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A Spelling Bee Reboot

The country's biggest spelling bee adds definitions to the competition.

By Jennifer Marino Walters

The pressure is on as would-be spelling champions must now also know word definitions to qualify for the semifinals. (Alex Wong / Getty Images)  

People are buzzing about a big change to the annual Scripps National Spelling Bee. Contestants have always been able to ask for definitions during the Bee to help them spell words. Now, they’ll need to already know the definitions.

For the first time ever, spellers will have to know the meanings, not just the spellings, of words. Multiple-choice vocabulary tests will now be a part of the early rounds of the competition.

“This is a significant change in the Scripps National Spelling Bee, but also a natural one,” says Paige Kimble, the Bee’s director. “It represents a deepening of the Bee’s commitment . . . to help students improve their spelling, increase their vocabularies, learn concepts, and develop correct English usage.”

A written or computer-based spelling test has been part of the Bee for years. Now spellers will also have to take a computer-based vocabulary test, which will count for half of their overall scores. The overall scores will determine which spellers advance to the televised semifinals and championship finals.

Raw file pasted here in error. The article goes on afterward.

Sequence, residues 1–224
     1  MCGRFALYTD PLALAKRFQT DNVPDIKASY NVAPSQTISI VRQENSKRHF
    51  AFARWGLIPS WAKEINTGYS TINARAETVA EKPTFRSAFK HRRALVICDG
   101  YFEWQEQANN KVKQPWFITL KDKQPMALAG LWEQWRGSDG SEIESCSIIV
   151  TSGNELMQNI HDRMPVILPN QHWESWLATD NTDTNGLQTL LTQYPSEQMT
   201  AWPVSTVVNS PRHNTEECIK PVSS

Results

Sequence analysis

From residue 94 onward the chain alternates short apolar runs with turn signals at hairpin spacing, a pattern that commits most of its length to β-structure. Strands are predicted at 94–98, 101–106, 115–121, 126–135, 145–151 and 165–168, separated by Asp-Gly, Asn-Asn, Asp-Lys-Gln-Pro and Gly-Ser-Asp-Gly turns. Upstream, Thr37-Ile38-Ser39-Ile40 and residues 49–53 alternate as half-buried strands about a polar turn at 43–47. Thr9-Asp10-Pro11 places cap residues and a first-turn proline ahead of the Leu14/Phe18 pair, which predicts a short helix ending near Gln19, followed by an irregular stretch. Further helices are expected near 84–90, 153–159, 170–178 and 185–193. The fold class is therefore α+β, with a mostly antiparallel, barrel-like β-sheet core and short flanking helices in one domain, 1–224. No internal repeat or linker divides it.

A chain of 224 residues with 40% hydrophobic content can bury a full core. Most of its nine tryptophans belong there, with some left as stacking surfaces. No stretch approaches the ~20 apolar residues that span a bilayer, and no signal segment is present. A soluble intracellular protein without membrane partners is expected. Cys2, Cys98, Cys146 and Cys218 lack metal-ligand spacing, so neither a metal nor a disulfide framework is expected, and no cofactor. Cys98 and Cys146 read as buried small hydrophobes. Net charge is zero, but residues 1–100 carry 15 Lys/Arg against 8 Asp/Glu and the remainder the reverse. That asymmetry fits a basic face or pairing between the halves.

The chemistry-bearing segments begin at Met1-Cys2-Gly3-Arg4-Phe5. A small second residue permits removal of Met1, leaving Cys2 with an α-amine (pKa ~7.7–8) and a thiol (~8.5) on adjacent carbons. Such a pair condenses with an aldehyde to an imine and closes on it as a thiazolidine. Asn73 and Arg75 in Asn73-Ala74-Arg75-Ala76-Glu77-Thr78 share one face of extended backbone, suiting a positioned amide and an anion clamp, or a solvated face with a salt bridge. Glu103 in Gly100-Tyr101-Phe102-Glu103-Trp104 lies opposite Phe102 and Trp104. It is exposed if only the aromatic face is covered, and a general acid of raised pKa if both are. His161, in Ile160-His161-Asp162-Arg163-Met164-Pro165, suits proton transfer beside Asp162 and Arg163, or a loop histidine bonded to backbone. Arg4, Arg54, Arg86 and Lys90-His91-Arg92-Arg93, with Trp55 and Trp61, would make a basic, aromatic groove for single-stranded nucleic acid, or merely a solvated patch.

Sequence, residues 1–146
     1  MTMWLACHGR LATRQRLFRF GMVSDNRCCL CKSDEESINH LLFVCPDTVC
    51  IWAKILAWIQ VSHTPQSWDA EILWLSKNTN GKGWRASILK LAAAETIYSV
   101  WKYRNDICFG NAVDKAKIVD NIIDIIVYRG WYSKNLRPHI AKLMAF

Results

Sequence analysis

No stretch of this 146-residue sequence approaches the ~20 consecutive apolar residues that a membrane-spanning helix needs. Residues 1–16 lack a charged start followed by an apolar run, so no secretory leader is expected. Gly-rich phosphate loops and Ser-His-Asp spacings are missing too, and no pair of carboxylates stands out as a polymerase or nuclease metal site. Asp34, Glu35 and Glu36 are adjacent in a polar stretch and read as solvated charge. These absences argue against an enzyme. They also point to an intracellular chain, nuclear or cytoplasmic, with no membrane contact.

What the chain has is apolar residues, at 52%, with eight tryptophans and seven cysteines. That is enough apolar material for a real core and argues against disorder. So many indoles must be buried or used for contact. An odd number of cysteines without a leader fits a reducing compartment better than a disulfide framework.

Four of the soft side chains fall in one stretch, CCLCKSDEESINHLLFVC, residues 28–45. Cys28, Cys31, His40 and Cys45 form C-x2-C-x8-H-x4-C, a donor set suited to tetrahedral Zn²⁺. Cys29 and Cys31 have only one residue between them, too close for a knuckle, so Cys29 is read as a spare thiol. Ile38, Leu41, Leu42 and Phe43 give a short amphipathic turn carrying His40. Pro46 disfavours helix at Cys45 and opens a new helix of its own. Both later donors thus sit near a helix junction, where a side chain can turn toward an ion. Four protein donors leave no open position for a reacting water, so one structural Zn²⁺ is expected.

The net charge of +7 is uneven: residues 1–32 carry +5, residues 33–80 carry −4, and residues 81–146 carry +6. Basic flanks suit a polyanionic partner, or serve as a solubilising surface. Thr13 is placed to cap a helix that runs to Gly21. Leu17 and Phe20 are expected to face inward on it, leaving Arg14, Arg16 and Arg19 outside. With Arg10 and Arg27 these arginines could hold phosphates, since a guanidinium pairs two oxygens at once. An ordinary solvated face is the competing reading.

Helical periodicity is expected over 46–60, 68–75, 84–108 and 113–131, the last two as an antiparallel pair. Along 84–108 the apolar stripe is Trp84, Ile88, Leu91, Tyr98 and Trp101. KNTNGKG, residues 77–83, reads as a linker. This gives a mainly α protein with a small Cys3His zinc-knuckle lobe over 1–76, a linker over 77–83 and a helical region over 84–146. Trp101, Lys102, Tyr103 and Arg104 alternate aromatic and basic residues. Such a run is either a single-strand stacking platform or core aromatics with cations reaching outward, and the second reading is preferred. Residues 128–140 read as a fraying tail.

The Scripps National Spelling Bee started in 1925 with nine contestants. This year, 281 spellers will compete in the Bee, which takes place near Washington, D.C. The contestants are all winners of local spelling bees, which were held before the end of March. The addition of the vocabulary portion to the Bee was announced earlier this month to give all spellers the same amount of time—less than two months—to prepare. Spellers had mixed feelings about the change.

“It’s going to be a little difficult to adjust to this,” 13-year-old Arvind Mahankali, one of the favorites this year, told reporters. “[But] in the long run, I think it’s . . . for the better because it tests spellers’ all-around knowledge of the word.”

“A lot of the returning spellers were really . . . surprised about the change,” 11-year-old Vanya Shivashankar, also a favorite, told reporters. “[Now] we have to spend more time on each word, understanding every single part of it.”

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